TOPEX/POSEIDON and Jason – 25 years of high precision ocean altimetry

With the Jason high precision ocean altimetry mission continuing to be a success story in space, it is worth remembering that yesterday marked the 25th anniversary of its origin: The launch of TOPEX/POSEIDON.

Friday, 11 August 2017

News - 20170811-topex/poseidon

As the NASA/CNES Topex-Poseidon satellite ascended into orbit in 1992 it ushered in a new era of oceanography with the first highly accurate, global measurements of sea levels. That mission and its three successors, all named Jason, have continuously mapped global ocean currents and tides; opened our eyes to the global reach of El Niño and other climate events; created a quarter-century-long, extraordinarily precise record of global and regional sea level rise; and enabled improved forecasts of extreme weather events such as hurricanes, floods and droughts.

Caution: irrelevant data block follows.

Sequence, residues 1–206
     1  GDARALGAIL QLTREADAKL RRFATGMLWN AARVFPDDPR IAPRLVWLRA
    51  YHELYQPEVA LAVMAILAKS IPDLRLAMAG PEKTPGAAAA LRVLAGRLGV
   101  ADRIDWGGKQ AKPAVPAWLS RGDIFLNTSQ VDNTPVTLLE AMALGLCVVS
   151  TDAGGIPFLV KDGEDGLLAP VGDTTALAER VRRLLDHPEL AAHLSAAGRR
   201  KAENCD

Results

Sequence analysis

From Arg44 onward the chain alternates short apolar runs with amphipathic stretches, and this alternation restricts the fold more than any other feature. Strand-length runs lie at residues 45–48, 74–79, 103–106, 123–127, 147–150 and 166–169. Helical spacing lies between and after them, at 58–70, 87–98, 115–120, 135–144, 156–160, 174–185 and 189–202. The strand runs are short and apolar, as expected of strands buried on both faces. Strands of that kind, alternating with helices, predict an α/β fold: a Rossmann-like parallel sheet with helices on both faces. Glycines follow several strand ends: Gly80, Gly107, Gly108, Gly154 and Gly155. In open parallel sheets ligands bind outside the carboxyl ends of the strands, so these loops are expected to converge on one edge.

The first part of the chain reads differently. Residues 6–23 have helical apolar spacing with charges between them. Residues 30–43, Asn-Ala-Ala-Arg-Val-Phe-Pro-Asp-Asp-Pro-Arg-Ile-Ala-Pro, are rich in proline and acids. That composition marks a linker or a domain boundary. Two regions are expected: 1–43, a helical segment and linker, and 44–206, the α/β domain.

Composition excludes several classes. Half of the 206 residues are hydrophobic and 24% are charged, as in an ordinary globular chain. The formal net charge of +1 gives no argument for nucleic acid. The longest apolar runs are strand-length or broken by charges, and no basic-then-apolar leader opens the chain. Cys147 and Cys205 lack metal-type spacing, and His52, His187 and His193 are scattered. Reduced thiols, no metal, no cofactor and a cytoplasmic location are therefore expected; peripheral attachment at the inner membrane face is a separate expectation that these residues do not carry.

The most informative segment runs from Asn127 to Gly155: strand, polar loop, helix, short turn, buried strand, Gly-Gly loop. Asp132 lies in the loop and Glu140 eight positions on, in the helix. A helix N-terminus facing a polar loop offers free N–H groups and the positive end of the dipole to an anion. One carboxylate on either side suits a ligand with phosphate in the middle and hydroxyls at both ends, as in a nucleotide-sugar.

The successor for TOPEX/Poseidon, Jason-1, developed by NASA and CNES was launched in December 2001. Topex-Poseidon was eventually decommissioned in 2005 after 13 years in orbit. Jason-1 survived almost 12 years, until July 2013. Nine-year-old Jason-2 and Jason-3 (launched in January 2016) are still in operation.

EUMETSAT and High Precision Ocean Altimetry

EUMETSAT joined the Jason mission with Jason-2 when operations moved from the research agencies NASA and CNES to the U.S. National Oceanic and Atmospheric Administration (NOAA) and the European Organisation for the Exploitation of Meteorological Satellites (EUMETSAT).

In October 2016, Jason-3 (launched in January 2016) took over the baton from Jason-2.

Jason-3 is the result of an international partnership between EUMETSAT, the French Space Agency (CNES), the US National Oceanic and Atmospheric Administration (NOAA), the US National Aeronautics and Space Administration (NASA), and the European Union, which funds European contributions to Jason-3 operations as part of the European Commission's Copernicus Programme.

Within Copernicus, Jason-3 is the reference mission for cross-calibrating Copernicus Sentinel-3 observations of sea surface height and the precursor to the future cooperative Sentinel-6/Jason-CS mission also implemented in partnership between Europe and the United States.

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